- The Trigoria will not be ignored: Romans in the starting 11 are the Romanistas’ ultimate dream. Spoilt by the likes of Totti, De Rossi and Aquilani, all fans were worried with the new owners coming. Would their own youngsters be ignored? Would Roma turn into another Chelsea and sending young players on loans to never see them play for their team? The short answer: No. The long answer: Florenzi, Verde and Romagnoli provide enough evidence that homebred players will always be an important pillar of the club. So rest assured Romanistas, our local heroes/homebred boys are going no where.
- Digitally Yours: Despite not adding a lot to revenue ( for now) this has to be my favorite achievement of James Pallotta’s crew. Currently, the digital team are focused on being a content creating football machine; providing fans with a closer look into trainings, players’ life and the runnings of the club. Online ticketing and subscription to the newly relaunched Roma TV has gotten a lot of traction. A small victory for the management was the one million likes on the Giallorossi’s Facebook page. As evident by the launch of an English based twitter profile, they are looking to build a global brand with plans of breaking into China and the Asian market already in the works.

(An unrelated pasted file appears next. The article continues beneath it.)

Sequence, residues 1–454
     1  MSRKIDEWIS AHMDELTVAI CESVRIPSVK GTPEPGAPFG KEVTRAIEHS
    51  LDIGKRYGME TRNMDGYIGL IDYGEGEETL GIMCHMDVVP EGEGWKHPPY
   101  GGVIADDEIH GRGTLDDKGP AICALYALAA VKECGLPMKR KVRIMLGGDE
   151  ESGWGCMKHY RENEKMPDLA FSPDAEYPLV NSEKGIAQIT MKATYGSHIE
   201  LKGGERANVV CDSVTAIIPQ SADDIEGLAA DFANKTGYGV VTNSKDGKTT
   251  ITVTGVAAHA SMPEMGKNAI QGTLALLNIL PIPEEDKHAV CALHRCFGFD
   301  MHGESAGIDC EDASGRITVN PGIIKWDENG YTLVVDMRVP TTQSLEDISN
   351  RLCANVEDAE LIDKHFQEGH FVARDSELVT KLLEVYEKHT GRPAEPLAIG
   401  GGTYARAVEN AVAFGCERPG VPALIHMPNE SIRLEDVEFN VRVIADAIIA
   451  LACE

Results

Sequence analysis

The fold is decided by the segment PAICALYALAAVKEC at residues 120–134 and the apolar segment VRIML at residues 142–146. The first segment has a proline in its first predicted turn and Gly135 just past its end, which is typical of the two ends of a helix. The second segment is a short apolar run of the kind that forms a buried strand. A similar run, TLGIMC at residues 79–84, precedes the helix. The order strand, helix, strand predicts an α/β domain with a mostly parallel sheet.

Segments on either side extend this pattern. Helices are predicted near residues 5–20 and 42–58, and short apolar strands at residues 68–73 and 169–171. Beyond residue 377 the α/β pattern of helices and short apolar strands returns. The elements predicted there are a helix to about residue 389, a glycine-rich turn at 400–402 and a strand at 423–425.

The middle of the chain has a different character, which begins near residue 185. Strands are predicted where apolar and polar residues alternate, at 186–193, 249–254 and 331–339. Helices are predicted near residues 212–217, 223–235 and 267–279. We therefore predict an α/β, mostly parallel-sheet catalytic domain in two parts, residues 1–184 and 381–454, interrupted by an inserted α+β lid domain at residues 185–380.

- Making the wolves competitive: Currently the Serie A is not in a great state, so being competitive might not count for a lot but for comparison sake in the last 5 years Roma have been languishing in mediocrity. The American reign suffered a poor beginning but things have slowly improved. A club permanently swallowed in turmoil has seen stability: Rudi Garcia is leading the troops for a second year running and like last season even this year the Giallorossi have been the only contender to the Old Lady of Turin.
- Endorsements: The endorsement of Nike and Disney have been key for the Giallorossi. The Nike partnership immediately put the club back into mainstream football, something that had been missing for a while. The club had not been given the attention they deserved. While Disney as well as Michael Bradley were strategically used to expand Roma’s fanbase in America, both partnerships have been masterstrokes and have achieved results in terms of revenue and improving the club’s popularity.
- Lack of a shirt sponsor: I do like the shirts without a sponsor but the financial books hate it. Sadly enough I will agree with the capitalistic world on this one, the shirt sponsor should have been sorted at the start of the season. The extra cash could have been used to purchase a better player. It is definitely a lost opportunity. Hopefully, come next season that will be sorted right away. As much as I hate shirts with logos ( yes Manchester United – the Chevy logo that you call a shirt is hideous ) I would not mind taking a personal hit for the club’s financial gain.